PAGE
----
During the Second World War, says Ben Wilson in The New York Times, rubble-strewn cities astonished residents by rapidly sprouting plant and animal life. Blitzed areas of London “brimmed with pink swathes of rosebay willow herb”, so much so that the shrub earned the nickname “bombweed”. In central Münster, Germany, piles of rubble were quickly veiled with “pussy willow, mountain maple, birches, yellow mulleins and wild strawberry”. These disaster-loving plants often evolved on coastal cliffs or arid mountainsides, “pioneers of nature” ideally suited to running riot in ruined cities. Today, when every metropolis has acres of “in-between land”, there’s nothing to stop us recreating the magic of urban wilderness.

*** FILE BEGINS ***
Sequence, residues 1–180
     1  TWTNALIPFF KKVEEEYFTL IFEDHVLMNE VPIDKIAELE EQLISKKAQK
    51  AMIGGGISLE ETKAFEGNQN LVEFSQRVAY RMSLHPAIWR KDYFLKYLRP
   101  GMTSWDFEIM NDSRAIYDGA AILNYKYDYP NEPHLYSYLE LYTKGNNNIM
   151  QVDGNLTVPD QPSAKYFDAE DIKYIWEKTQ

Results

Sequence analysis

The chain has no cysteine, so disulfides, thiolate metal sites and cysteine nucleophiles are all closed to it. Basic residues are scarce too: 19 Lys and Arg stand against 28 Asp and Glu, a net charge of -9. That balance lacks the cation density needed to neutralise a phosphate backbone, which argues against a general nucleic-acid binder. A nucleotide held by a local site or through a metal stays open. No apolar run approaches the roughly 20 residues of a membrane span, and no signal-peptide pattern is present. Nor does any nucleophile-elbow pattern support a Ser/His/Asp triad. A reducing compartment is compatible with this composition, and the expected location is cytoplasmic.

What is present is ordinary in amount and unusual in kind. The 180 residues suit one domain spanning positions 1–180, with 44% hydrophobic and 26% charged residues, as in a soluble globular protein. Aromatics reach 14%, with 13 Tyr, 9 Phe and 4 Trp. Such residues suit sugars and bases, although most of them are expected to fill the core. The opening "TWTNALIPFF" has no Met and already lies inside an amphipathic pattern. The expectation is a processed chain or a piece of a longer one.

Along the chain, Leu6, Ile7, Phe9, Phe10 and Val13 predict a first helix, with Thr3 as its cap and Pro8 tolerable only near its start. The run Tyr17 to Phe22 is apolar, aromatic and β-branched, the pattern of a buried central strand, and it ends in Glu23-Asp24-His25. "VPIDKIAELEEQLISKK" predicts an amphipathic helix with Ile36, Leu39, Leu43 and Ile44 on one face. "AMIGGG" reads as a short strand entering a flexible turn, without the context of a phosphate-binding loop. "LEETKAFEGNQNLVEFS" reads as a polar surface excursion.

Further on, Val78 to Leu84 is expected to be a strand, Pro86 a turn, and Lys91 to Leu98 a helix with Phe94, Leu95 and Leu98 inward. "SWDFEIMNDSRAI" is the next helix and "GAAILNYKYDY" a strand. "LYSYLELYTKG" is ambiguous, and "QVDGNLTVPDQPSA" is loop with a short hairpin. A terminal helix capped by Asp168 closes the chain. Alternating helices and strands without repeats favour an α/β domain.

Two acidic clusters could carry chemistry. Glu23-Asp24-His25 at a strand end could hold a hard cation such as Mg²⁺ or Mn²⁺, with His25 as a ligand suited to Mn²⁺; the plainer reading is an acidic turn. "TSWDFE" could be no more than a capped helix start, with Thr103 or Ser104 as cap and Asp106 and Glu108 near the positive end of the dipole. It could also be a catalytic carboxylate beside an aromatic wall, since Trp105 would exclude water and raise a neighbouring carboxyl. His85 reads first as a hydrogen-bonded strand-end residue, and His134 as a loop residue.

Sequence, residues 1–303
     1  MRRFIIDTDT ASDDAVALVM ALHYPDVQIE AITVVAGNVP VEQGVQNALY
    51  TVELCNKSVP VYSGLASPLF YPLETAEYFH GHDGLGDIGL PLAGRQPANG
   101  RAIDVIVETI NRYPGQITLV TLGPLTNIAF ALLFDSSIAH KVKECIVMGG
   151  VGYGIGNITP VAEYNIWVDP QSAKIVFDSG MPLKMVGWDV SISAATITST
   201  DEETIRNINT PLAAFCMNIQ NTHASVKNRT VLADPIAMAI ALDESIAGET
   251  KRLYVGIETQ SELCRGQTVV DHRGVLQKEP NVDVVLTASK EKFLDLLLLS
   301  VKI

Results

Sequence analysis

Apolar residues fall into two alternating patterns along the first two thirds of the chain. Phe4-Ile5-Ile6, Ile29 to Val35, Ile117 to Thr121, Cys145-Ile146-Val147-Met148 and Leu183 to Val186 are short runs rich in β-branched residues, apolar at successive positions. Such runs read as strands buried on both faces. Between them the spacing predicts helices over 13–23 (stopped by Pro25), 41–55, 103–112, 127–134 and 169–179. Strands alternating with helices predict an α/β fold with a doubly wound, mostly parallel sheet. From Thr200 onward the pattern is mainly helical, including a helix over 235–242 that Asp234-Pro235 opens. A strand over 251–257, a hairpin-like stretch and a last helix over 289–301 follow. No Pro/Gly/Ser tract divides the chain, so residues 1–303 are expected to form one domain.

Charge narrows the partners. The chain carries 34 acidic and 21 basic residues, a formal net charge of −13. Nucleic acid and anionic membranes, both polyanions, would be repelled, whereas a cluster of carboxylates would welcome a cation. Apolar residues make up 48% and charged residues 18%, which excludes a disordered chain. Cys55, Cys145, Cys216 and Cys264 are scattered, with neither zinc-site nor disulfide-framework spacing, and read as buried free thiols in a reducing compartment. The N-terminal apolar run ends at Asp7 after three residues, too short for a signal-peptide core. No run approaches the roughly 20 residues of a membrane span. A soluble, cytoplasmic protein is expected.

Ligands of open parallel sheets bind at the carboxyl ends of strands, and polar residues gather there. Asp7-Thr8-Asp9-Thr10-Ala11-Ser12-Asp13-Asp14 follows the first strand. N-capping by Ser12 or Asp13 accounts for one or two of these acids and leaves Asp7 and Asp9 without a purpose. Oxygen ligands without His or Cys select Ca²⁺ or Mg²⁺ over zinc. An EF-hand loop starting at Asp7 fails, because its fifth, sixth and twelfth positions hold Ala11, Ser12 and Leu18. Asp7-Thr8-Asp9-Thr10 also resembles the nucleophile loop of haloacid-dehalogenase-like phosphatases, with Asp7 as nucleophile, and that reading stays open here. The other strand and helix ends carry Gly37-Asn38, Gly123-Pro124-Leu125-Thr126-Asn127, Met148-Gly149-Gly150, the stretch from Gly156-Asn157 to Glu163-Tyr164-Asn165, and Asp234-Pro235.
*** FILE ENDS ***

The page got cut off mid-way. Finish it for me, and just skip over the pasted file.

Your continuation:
Sheffield is already using plants that thrive in “disturbed, acidic, dry and nutrient-poor urban environments” to grow dense meadows. In the US, Freshkills Park on Staten Island, once the “world’s biggest garbage dump”, has been returned to the “bald eagles, ospreys, herons and grasshopper sparrows” that inhabited the terrain before it became landfill. The vast roof of Chicago’s City Hall is now a kind of “aerial prairie”, home to 20,000 plants that keep the building cool in summer and absorb huge amounts of rainwater. Properly understood, urban nature can bring us tangible benefits and deep pleasure. “We should embrace it and learn to love the curious, unpredictable hybrid ecosystem that sprouts from the concrete.”